Summary

许宝琨认为政府在意识形态上并不反对最低工资,但渐进工资模式效果更好

Oct 18, 2020 | 🚀 Fathership

全国职工总会副秘书长兼卫生部高级政务部长许宝琨周四(10月15日)表示,政府在意识形态上并不反对最低工资,但采取单一、一刀切的最低工资标准存在风险。

许宝琨的演讲针对工人党成员最近的言论,包括反对党领袖Pritam Singh,他呼吁政府考虑在新加坡实施1300新元的统一最低工资标准。

绝大多数低收入工人的工资高于拟议的最低工资水平

许宝琨在演讲中称赞“渐进工资模式”(PWM)在过去10年里帮助至少20%的工人大幅提高了工资,同时缓解了新加坡收入不平等的状况。

“PWM提高了近8万名清洁工、保安和园林工人的工资。近年来,他们的工资增加了30%,而工作岗位并没有减少。”许宝琨说。

因此,“绝大多数”低薪工人的收入都在1300新元以上,这也是工人党(WP)提出的最低工资标准,许宝琨说。

许宝琨引用人力部的统计数字指出,收入低于1300新元的工人人数还有约10万。他补充说,其中有四分之一是自由职业者,因此他们无论如何也不会从最低工资中受益。

在工作福利补助对工资低于2300新元的工人补足收入后,收入低于1300新元的工人约有3.2万人,约占新加坡本地劳动力的1.7%。

“所以,工人党计划通过提出1300新元的最低工资标准来实现的目标,我们已经通过渐进工资模式、工作福利补贴和其他政策措施实现了。”许宝琨说。

在意识形态上不反对最低工资

他说,政府在提高低收入工人工资方面已经取得了“长足进步”,尽管他承认这仍然是“未完成的任务”。

许宝琨还澄清说,政府“在意识形态上并不反对”最低工资。

他说,渐进工资模式中工资的第一阶梯是部门最低工资,而且高级部长Tharman Shanmugaratnam此前将渐进工资模式称为“最低工资加”,即最低工资,加上通过提高技能来增加工资的阶梯。

许宝琨强调,制定“某种形式的最低工资”并不是新的想法,政府与工人党提高低薪工人收入的目标一致,尽管他们在实现这一目标的方法上可能有所不同。

难以为所有部门制定合适的最低工资标准

许宝琨认为,统一最低工资标准的问题是很难确定所有部门的适当基数。

例如,如果标准设定太低,那么许多部门工人的利益就会受到限制,这就违背了最低工资的目的。

他举例说,在强制渐进工资模式下,如今镇议会清洁工的月薪已达1,422新元,比提议的1,300新元最低工资还要高,甚至还不算工人的额外补贴,如就业入息补助金和加班费。

另一方面,如果最低工资设定太高,那么企业,特别是中小型企业(SMEs)可能无法支付工人的工资。

这可能导致企业将成本转嫁给消费者,或者减少雇用教育程度或技能较低的工人。在最坏情况下,这可能导致企业倒闭。

他补充道,虽然大家都想帮助低收入工人,但制定最低工资必须有一个基础,使其反映每个部门的“现实情况”,以保持最低工资的可持续性,避免意外成本。

最低工资的潜在政治问题

设立单一的一刀切最低工资也是有风险的,因为这会导致“工资设定不可避免地政治化”,许宝琨说道。

他解释说,如果拟定的1,300新元最低工资获得通过,政治组织可能会利用最低工资作为争取支持的一种方式,承诺稳步提高民众的最低工资,但这可能是不可持续的。

许宝琨说,这种“政治拍卖”迹象在其他国家已经发生,它将使新加坡的低技术工人价值下降,并且对较小企业不利。

“在政治竞争中,一个政党很可能会过来说1500新元反映了更高的‘道德要求’。然而另一个政党会说1,300新元很好,1,500新元更好,但1,700新元是更‘神圣的’道德要求。这可能会成为一场政治拍卖,”许宝琨说。

另一方面,由于渐进工资模式采用的是“部门、三方建立共识的方式”,即政府与每个行业的不同利益相关者接触,并达成共识,因此出现政治拍卖的可能性较小,许宝琨解释道。

改善低薪工人的生活和生计是一项庞大的工作——我们人民行动党同志以及工人运动中的兄弟姐妹们在过去60年里一直在倡导这项工作。这绝不是一项简单的任务。它是实实在在的、艰苦的工作。

基于数十年来的经验,我们一致认为,以行业支持、三方合作的形式来推动工作,才能带来有意义的改变。渐进工资模式(PWM)就是这样做的——在保持商业竞争力的同时,持续改善低薪工人的收入。工资与技能提升挂钩,确保工人有机会在工作中取得更大收获。我们正在做更多的工作来扩展渐进工资模式。

为所有行业制定适当的单一工资并不容易。而在确定这种一刀切的工资时,我们要冒着政治拍卖的风险,这种拍卖最终可能会使低技术工人竞争力减弱,使企业,特别是中小企业无法运转。我们是否也在追求将这一基本工资适用于外籍家庭佣工等外籍工人的“道德要求”?

今天在议会,我和议员同事会继续介绍我们的案例,来说明渐进工资模式是一个更好的模式。撇开争论,我们的工作还在继续,因为我们要扩展渐进工资模式,并探索使更多低薪工人受益的补充方法—这正好伴随着我们共同努力帮助自己走出这场经济衰退。

更多信息点击 https://bit.ly/2SVEEWp

上图来自Gov.sg/YouTube.


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This commentator thinks MCI ad should not have featured poor Malays

May 12, 2022 | 🚀 Fathership
A Hari Raya advertisement by the Ministry of Communications and Information (MCI) was 'cancelled' by certain netizens online for depicting lower income Malays according to reality.

"Message for Syawal", a two-and-a-half-minute video published last month (Apr 30) captures moments in the life of a low-income Malay family living in a rental flat.

Storyline


Pictured: Screenshot from MCI video "Message for Syawal"

The video, which is peppered with Malay proverbs, shows the family moving out of their rental flat to a new home several years later where they celebrate Hari Raya.

The father of the family works as a mover while the mother is a housewife.

Their young son, Syawal, skips school to earn extra income for his family before a teacher flags his absence from school to his parents.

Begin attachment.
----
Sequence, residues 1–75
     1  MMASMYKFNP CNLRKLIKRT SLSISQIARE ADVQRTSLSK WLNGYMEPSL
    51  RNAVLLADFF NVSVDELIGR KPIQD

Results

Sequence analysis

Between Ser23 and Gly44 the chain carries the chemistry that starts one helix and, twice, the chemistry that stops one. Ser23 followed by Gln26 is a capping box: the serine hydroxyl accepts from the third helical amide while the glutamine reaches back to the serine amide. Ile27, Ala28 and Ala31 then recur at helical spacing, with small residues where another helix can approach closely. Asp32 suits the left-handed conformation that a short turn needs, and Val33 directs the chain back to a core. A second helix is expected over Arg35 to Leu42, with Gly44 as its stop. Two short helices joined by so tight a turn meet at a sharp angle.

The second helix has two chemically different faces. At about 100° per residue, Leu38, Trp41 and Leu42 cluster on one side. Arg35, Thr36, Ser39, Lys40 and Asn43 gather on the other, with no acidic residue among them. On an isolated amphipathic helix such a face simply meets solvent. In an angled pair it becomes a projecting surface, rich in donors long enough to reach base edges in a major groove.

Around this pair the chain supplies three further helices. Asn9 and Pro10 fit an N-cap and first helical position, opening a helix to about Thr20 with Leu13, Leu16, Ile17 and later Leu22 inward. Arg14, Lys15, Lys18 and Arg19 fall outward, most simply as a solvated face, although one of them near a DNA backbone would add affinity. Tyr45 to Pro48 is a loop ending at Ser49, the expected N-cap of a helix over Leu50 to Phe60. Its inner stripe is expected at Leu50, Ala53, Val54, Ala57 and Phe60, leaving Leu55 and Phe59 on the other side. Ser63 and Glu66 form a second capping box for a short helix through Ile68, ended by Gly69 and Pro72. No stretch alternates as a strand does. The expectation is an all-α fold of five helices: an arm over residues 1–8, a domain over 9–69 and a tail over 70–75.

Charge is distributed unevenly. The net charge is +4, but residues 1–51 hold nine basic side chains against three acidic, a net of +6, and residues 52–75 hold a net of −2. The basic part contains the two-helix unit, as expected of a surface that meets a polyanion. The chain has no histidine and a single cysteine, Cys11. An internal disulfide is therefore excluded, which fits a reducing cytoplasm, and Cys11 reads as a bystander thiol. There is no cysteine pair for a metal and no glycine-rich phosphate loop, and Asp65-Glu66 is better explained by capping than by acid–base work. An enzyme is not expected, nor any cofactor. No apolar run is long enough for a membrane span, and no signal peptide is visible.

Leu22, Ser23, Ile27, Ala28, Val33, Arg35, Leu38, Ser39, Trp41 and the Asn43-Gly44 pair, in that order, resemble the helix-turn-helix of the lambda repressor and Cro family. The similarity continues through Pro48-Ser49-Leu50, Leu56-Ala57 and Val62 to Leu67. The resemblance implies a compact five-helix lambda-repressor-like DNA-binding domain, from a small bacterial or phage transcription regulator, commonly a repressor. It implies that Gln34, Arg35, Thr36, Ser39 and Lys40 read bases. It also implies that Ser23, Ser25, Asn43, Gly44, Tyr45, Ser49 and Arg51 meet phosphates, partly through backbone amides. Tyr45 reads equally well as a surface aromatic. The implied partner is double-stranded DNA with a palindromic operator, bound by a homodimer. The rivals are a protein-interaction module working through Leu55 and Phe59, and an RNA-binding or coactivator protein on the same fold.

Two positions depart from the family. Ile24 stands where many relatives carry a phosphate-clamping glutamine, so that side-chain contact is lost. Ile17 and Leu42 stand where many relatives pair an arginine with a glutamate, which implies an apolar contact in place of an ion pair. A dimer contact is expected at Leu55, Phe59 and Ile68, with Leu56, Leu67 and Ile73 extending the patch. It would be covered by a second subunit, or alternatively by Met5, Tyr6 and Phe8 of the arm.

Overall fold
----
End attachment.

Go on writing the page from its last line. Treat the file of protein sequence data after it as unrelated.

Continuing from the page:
The mother in the video later decides to return to work to alleviate her family’s financial difficulties while the father gets a new job.


Pictured: Screenshot from MCI video "Message for Syawal"



Why some netizens are outraged

The video sparked backlash online, with some viewers saying that it contained stereotypes about the Malay community.

The stereotypes:
  • The father works as a mover - commonly perceived to be a low-income job
  • The mother is jobless
  • The son plays truant
  • The family lives in a rental flat for low-income earners

Commentator implied that poor Malays shouldn't be portrayed in public to prevent stereotypes


Pictured: Screenshot from Homeground Asia video

A video commentary by The Homeground Asia went further by criticizing how the video propagates the narrative that Malays are poor and lazy, and that the ministry should have created a video that is more relatable to both the less fortunate and the more affluent Malays.

Adi Rahman, one of the interviewees in the video went further by making sweeping assumptions that the ministry lacked cultural intelligence and did not consult the community on the narrative.

Ironically, in talking about inclusivity, Adi implied that the realities of poor Malays should not be shown in public.

For example, his rationale suggested that the video contained characters (the mover, jobless mother and the son who skips school) that contribute to the problem of other races seeing the Malays in a stereotypical and reductive light.

In other words, show the good stuff but not the reality.

Adi even accused the ministry for not consulting the Malays in the vetting of the video narrative.

His accusations were without merit, however, when the Ministry said in a statement (Apr 30) that Malay-Muslim viewers - presumably a focus group - had seen the video prior to its release, and perceived the story to be heart-warming, although some expressed reservations.


Pictured: Adi Rahman - one of the commentators in Homeground Asia video



Stereotyping or masking reality?

The ministry said last month (Apr 30) the video was meant to show "a family’s journey of resilience in facing challenging circumstances and how mutual support and encouragement could nurture the process”.

Other netizens felt it was an overreaction and that low-income families shouldn't be dehumanized in a way that they are removed from the conversation. They felt that the video was a call-to-action for those from the underprivileged to strive for a better life through hard work and seeking help that's already available.

The only missed opportunity in the MCI video was perhaps the suggestion that Malays in low income families living in a rental flat could not celebrate Hari Raya unless they get a flat on their own.

But of course, like Homeground Asia, that is also a sweeping assumption.